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7 Facts You Need to Know about Diabetes

By Claire Kowalchik
November 2016

Odds are one in three people in the United States will develop diabetes in their lifetime, according to the Centers for Disease Control and Prevention (CDC). That’s a statistic. The odds could drop to one in four, one in five, or lower if everyone took the right steps toward healthier living. It all starts with understanding diabetes and learning what steps to take. Knowledge is power. Boost your power with these 7 facts.

1. The most common form of diabetes is type 2.
It develops when your body’s ability to use insulin becomes impaired. Insulin is the hormone that helps move glucose (sugar) from your bloodstream into your cells where it’s used to produce energy. When those cells become insulin resistant—meaning they don’t respond to insulin as they should—and your body doesn’t produce enough insulin to overcome that resistance, glucose builds up in your bloodstream.

2. It’s a case of too much of a good thing.
Glucose, or blood sugar, is a good thing. It’s your body’s primary source of energy, but when there’s too much in your bloodstream, it can damage blood vessels, nerves, and organs and over time lead to serious complications. This is why you want to catch this disease early and take care of it immediately.

3. Lifestyle is often the root cause.
Being overweight and sedentary can be significant factors in the development of type 2 diabetes. Excess weight and lack of physical activity can lead to insulin resistance. You can help prevent diabetes by maintaining a healthy weight and exercising regularly. Find an activity you enjoy and that fits easily into your schedule so that you’ll keep doing it. If you need to drop extra pounds, choose a weight loss plan like Jenny Craig, which emphasizes portion control, good nutrition and plenty of produce intake.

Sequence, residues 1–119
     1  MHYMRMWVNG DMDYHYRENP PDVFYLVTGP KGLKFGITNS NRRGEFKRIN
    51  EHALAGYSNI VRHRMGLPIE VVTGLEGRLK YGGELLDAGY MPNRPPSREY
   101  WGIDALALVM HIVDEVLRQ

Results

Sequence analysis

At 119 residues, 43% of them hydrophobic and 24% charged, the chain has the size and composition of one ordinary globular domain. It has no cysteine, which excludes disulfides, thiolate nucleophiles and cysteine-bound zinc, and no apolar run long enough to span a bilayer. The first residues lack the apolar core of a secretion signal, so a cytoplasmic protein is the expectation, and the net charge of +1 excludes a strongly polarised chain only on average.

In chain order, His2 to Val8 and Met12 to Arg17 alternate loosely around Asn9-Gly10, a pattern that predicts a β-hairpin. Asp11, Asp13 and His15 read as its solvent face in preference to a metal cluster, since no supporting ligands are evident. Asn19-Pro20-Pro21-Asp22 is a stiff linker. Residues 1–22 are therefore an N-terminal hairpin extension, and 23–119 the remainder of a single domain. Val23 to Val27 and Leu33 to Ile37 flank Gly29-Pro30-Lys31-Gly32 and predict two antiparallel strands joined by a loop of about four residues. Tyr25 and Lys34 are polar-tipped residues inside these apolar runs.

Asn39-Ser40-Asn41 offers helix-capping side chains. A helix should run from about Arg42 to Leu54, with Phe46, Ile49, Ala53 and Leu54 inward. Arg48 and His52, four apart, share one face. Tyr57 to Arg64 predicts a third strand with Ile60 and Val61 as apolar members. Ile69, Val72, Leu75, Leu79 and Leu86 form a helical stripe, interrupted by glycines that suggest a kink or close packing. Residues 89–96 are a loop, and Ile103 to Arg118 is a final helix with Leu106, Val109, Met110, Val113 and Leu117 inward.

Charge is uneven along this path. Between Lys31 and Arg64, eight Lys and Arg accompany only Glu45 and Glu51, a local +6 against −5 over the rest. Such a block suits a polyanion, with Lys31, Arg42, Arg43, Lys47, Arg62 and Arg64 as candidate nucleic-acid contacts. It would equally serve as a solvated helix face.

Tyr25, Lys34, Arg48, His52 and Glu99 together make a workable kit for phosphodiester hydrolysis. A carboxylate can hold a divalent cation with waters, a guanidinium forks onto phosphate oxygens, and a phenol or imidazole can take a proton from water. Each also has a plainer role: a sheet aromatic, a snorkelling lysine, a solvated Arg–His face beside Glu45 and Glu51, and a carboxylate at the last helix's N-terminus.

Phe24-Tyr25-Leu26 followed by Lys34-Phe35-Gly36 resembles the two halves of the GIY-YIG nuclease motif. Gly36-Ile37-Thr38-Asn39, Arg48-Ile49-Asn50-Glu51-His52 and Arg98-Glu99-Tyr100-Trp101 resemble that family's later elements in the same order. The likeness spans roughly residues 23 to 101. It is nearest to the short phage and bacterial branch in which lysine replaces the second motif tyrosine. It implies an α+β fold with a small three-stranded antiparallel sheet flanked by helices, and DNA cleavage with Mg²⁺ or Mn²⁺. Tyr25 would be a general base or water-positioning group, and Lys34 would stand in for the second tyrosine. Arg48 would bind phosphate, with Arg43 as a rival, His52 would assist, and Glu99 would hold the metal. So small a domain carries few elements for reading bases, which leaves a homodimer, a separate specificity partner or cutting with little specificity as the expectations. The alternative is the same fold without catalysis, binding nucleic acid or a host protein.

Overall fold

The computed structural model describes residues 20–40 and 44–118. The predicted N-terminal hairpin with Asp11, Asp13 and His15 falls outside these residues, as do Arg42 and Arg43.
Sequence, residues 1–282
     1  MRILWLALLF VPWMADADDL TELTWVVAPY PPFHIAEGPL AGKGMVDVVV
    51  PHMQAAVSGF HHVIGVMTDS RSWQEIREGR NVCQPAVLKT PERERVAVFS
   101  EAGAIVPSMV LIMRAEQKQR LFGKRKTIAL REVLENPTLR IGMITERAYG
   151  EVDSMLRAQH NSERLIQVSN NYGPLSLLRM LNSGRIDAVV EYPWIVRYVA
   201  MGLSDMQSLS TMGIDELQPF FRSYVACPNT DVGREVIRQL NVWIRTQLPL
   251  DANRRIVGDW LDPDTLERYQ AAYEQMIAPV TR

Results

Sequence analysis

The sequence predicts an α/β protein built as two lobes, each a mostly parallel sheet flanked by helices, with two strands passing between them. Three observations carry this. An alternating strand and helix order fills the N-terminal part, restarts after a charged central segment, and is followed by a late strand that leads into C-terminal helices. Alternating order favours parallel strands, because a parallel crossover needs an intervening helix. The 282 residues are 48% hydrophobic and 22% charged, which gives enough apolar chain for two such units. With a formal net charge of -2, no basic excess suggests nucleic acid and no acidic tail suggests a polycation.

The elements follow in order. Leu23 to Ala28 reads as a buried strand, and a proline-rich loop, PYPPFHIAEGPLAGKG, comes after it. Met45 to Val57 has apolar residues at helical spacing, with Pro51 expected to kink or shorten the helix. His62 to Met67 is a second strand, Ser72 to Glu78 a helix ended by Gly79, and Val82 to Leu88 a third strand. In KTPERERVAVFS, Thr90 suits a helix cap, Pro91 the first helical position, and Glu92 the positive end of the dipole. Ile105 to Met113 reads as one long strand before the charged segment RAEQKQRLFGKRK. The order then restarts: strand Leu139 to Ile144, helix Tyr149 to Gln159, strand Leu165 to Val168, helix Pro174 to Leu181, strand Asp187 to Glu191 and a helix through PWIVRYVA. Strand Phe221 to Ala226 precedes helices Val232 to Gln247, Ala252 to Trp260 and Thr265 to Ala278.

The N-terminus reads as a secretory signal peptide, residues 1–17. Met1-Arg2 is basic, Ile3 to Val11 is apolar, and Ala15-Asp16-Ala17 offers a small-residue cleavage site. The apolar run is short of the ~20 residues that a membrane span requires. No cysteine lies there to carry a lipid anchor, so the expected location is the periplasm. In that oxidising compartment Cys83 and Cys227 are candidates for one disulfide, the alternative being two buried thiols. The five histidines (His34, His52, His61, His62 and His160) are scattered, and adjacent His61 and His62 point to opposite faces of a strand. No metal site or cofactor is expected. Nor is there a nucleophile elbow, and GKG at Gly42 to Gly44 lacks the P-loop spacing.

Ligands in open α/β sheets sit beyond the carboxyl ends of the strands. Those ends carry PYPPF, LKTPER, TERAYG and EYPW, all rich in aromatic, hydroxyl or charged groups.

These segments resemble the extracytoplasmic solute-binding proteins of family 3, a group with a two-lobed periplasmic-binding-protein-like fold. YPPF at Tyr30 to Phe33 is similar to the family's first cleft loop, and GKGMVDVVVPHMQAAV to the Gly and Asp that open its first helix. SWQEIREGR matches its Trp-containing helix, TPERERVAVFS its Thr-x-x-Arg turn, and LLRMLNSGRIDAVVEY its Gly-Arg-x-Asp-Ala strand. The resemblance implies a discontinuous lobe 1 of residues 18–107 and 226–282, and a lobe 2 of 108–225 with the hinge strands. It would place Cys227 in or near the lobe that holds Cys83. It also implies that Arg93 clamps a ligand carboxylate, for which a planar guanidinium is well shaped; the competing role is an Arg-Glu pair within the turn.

4. Metabolic syndrome can increase your risk of developing type 2 diabetes.
Metabolic syndrome is a group of conditions common among people who are insulin resistant. These include higher-than-normal blood sugar levels, a large waist measurement due to excess abdominal fat, high blood pressure, plus abnormal levels of cholesterol and triglycerides in the blood. If you have metabolic syndrome you should be working closely with your primary care physician to treat these issues.

5. More than 1 in 3 people in the United States have prediabetes.
Prediabetes is defined as having high blood sugar but not at the level that meets the diagnosis for diabetes. Of those people who have prediabetes, 15 to 30 percent will develop type 2 diabetes within 5 years if they don’t take action to prevent it through diet and exercise. The CDC website offers a 7-question quiz to help you assess your risk.

6. You can reverse prediabetes.
A large study known as the Diabetes Prevention Program, involving more than 3,000 people with prediabetes, found that those who dropped their weight by 7 percent and got 150 minutes of physical activity each week reduced their risk of developing diabetes by 58 percent! Weight loss and exercise can even bring sugar levels back to normal without medication.

7. If you have diabetes, you can keep it under control.
There isn’t a cure for diabetes, but you can take the steps necessary to manage this disease and prevent its complications. Once you’ve been diagnosed, you’ll work with your doctor, diabetes educator, a dietitian, pharmacist, and possibly other specialists as needed to develop the best treatment plan for you. You and your team will focus on controlling your blood sugar as well as maintaining healthy blood pressure and cholesterol levels to prevent further complications of cardiovascular disease. Stay committed to your plan--to taking your medications as prescribed, eating healthfully, getting physical activity regularly, and losing weight through your Jenny Craig program. You are the most important person in your diabetes care. Control your diabetes and you control the quality of your life. Success depends on you.

Related Content:
Jenny Craig Type 2 Diabetes Program
4 Steps to Take after a Type 2 Diabetes Diagnosis
Eating Right, Exercise may Help Prevent Type 2 Diabetes